Scotland's environmental watchdog gets new green home

Scotland's Environmental Protection Agency is leading by example after moving into a new green building.

Left to right: Richard Lochhead and SEPA Chairman David Sigsworth at the official opening of Inverdee House

Left to right: Richard Lochhead and SEPA Chairman David Sigsworth at the official opening of Inverdee House

SEPA hope the building, in Aberdeen, will become 'a trend setter in ecological design and operation' after it was officially opened yesterday (May 10).

The ceremony was carried out by Scotland's cabinet secretary for rural affairs and the environment Richard Lochhead.

On time and within a budget of £12.5M the building, called Inverdee House, is a joint initiative between the agency and Grampian Housing Association (GHA).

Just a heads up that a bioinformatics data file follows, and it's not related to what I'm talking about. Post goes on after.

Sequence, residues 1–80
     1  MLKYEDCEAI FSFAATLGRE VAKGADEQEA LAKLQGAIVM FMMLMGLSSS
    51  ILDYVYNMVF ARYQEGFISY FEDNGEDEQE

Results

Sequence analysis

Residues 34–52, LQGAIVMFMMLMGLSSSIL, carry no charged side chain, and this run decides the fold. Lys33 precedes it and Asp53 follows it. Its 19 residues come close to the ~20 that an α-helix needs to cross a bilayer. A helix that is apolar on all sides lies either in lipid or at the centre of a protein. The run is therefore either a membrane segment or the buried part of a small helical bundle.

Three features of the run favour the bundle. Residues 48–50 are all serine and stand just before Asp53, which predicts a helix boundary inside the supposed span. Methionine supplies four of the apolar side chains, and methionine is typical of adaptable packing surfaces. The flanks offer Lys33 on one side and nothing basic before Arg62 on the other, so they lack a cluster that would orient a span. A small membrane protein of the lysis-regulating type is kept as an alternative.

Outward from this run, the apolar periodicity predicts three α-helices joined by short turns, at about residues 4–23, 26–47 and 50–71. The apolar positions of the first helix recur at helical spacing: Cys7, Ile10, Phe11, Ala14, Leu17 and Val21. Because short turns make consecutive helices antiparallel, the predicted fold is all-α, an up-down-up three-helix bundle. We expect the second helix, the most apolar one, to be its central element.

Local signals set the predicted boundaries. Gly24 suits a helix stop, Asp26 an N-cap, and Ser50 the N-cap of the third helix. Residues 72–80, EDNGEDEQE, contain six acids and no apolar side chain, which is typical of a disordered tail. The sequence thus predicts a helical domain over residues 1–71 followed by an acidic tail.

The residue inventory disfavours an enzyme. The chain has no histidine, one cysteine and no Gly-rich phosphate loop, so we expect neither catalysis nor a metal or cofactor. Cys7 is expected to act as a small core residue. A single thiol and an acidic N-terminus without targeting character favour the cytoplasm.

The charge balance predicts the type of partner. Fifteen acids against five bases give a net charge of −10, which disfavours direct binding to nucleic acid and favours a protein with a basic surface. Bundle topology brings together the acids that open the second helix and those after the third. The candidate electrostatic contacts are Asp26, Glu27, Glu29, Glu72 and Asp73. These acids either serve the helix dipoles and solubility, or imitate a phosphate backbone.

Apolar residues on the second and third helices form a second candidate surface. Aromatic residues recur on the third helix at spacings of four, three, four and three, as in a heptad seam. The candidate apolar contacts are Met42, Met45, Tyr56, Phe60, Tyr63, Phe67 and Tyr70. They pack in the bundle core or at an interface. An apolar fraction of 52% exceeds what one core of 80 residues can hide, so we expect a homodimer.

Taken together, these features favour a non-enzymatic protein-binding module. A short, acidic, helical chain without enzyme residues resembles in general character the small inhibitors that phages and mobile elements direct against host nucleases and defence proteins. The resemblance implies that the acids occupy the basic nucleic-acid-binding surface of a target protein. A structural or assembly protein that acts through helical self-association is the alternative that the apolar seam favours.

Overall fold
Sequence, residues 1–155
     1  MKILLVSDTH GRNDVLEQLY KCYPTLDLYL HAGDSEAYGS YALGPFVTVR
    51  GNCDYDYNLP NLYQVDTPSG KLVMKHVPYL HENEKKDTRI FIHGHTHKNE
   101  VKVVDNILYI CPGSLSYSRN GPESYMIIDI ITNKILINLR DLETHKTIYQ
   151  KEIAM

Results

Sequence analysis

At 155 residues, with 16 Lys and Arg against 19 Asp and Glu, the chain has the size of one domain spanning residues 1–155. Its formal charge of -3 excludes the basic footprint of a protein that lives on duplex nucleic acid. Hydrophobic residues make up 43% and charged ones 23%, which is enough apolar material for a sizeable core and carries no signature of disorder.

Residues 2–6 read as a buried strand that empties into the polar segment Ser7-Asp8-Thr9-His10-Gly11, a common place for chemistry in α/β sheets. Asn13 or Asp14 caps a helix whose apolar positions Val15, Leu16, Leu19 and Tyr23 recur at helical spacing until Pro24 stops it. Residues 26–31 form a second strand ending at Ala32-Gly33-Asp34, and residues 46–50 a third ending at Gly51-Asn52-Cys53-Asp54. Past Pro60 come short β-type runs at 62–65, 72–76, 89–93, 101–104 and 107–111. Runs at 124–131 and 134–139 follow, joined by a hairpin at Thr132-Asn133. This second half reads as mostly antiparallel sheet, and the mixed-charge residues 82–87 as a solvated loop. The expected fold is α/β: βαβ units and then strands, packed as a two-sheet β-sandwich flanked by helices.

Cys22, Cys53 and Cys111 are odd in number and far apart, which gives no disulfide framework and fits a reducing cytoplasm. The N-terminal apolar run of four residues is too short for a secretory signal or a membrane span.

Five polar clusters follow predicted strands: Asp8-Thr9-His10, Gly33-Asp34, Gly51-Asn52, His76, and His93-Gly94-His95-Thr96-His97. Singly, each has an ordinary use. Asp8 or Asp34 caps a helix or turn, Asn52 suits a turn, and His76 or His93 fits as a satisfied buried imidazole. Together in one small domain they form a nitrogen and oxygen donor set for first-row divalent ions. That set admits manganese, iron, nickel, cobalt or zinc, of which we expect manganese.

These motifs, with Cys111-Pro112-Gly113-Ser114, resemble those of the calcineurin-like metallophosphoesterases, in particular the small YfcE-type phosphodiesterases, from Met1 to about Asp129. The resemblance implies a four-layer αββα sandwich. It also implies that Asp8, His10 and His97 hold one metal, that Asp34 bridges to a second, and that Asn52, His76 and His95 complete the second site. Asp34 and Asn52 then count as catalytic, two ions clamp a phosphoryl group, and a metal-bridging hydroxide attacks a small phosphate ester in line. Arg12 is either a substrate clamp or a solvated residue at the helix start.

The building, constructed on a brownfield site, features rain water harvesting, can generate its own renewable power and is naturally ventilated.

SEPA's chairman, David Sigsworth, said: "Everyone who has been involved in this project is extremely proud of all that has been achieved here, and especially of Inverdee House's green credentials.

"Built on a brownfield site, Inverdee House provides state-of-the-art facilities while achieving excellent standards of energy efficiency and environmental performance.

"It will generate its own energy from wind and solar power and is heated by a low carbon biomass boiler.

"Harvesting rainwater and recycling waste water provides around 60% of its total water use. It is naturally ventilated, and wherever possible naturally lit."

Luke Walsh


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biomass | Scotland | solar

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